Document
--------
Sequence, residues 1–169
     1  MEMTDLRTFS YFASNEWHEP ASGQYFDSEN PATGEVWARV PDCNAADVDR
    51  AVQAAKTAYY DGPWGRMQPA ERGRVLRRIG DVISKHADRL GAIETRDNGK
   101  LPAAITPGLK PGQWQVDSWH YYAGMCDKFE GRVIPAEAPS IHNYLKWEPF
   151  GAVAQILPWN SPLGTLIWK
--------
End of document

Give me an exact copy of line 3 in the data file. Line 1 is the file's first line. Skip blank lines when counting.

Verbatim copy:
    51  AVQAAKTAYY DGPWGRMQPA ERGRVLRRIG DVISKHADRL GAIETRDNGK